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Day 1 — the Southern Terminus

Day 1 — the Southern Terminus

KimmyD May 6th, 2022
KimmyD's 2021 PCT Thru-Hike

Miles 0.5–15.4 Hauser Creek (14.9 miles)

I learned this reflection tool this winter: Rose, bud, thorn. Rose was your favorite part of the day, thorn was your least favorite, bud was what you’re looking forward to.

Rose: afternoon naps in the shade & a gentle breeze Thorn: the pressure & posturing to go faster & farther Bud: 2630 miles to explore, a strawberry milkshake in Lake Morena tomorrow


Legend made pancake breakfast down at the hostel. I was first out of camp at around 5:15. In the pre-dawn darkness, I almost immediately lost the newly beaten path to the hostel through the rodeo grounds and ended up bushwhacking a little and calling for directions. I did hear a rather vocal owl though.

More advice was given and I got back to camp to pack up a little later than I wanted. I relish the cool mornings before the heat of the day sets in. I know that’s the only way I’ll make it through the desert heat.

Quarter to seven I was on trail, which follows the road into Campo before veering off into the bush. Despite it being a desert, the plant life is so diverse: all sorts of different bushes, flowers, scrubs, cactus, Yuccas. I think I found wild rosemary. I narrowly avoided poison oak. All of these plants, however, did not offer any relief from the sun by midday.

This stretch is dry and hot. The only water sources are miles 4.5 and 15 then a 1000’ up and 5 miles to Lake Morena. Most of the hikers that I have met along trail (as they pass me or I walk up on them taking a break) plan to camp at mile 15 Hauser Creek or push on to Lake Morena. I always thought I would be that person too, but I am not in hiker shape yet. Work, moving, and spring snow storms kept me from doing as much physical prep as I ought to have done. So despite my ego telling me, “you’re a Ranger, you can hike farther,” I’m determined to only hike 10–12 miles the first few days. Many friends and trail angels have advised starting slow: my friend Trevor’s plantar fasciitis started at mile 30 of his AT hike. My feet aren’t used to the pounding. It’s a tough battle between the heart and mind, but I want to be smart about the trail. It’s a marathon afterall.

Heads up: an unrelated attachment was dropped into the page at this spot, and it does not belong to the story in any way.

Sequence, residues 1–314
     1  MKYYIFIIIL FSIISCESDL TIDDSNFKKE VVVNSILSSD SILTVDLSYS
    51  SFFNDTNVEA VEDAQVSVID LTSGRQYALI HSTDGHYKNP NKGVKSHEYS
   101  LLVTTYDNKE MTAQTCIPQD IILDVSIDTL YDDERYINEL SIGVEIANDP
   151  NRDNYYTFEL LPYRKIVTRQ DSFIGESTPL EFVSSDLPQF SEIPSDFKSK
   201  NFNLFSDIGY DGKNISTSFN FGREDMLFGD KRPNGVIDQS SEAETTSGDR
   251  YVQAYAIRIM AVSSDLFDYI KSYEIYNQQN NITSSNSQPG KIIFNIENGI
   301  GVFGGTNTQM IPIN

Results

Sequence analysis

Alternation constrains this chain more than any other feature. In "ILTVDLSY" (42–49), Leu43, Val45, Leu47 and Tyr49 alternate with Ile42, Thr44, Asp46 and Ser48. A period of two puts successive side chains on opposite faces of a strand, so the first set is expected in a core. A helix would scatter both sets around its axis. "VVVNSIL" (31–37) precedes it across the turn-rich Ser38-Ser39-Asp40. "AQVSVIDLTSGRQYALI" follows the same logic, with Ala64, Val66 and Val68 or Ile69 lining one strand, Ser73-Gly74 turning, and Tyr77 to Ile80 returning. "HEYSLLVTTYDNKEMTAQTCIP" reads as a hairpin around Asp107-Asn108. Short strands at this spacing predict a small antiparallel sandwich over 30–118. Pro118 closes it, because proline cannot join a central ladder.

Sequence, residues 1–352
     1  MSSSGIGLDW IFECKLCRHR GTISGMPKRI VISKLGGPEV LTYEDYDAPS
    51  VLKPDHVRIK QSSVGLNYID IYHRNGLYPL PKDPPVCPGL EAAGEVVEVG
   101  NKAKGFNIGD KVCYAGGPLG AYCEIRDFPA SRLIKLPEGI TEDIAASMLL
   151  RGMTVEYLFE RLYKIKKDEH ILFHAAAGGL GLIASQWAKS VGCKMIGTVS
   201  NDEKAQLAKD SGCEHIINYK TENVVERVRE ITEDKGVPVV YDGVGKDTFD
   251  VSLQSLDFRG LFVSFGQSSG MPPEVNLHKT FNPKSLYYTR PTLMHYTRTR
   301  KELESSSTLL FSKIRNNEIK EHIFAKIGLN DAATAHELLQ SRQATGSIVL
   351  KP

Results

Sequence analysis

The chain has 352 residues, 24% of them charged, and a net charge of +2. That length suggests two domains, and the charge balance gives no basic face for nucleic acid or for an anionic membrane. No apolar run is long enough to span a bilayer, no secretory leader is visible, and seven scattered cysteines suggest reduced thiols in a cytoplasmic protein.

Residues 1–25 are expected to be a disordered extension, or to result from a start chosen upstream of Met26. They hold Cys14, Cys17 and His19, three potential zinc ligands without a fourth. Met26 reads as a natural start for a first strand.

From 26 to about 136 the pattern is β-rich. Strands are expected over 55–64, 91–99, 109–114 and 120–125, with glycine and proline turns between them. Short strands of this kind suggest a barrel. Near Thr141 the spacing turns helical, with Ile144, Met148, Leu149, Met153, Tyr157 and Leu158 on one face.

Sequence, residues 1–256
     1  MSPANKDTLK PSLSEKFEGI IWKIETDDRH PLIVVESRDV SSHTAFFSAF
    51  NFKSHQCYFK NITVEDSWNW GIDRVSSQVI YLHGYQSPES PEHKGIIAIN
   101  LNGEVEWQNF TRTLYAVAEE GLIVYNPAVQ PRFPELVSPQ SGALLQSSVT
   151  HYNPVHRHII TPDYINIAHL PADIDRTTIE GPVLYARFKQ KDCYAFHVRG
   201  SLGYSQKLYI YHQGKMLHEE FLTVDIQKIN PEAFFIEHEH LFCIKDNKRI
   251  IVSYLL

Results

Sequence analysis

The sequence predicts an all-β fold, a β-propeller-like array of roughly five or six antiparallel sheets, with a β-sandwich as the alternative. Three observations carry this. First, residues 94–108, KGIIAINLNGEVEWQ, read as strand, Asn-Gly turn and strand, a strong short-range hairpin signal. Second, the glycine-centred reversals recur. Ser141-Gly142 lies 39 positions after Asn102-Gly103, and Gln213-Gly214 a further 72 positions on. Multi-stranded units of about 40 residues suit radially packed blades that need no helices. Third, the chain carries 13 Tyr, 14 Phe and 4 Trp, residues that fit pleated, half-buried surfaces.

By 11am, I wanted to find a rock and hide underneath it. It’s hot, but not as hot as it can get. Thankfully, the projected high today is only 87*F. Reading deep into the comments on the Far Out app, I found a note about a meadow with cottonwoods off trail. It’s a welcome respite from the glaring sun. The wind is constant too. On trail, it’s welcome relief from the sun. In the shade, it’s ever so slightly chilly and the constant sound it creates in the tall grass is both comforting and foreboding. I have read the wind is constant in this section of trail.

Another benefit of this spot is that it’s out of sight of the trail. I have liked all the hikers I have met, but I also don’t want to be judged by going so easy this early on.

I will rest here during the heat of the day and resume hiking around 4 or 5. I have a good book, I’ve eaten lunch, and I may take a longer nap. I only need to do 1–2 more hours of hiking this evening to get to my planned spot for the night.

Well I pushed myself to mile 15 Hauser Creek. The temperatures and shade were much improved after my siesta, which made for easier walking. I eeked in right at twilight and set up camp before losing all the light. There’s about eight others here. We’ll see how my body feels tomorrow.

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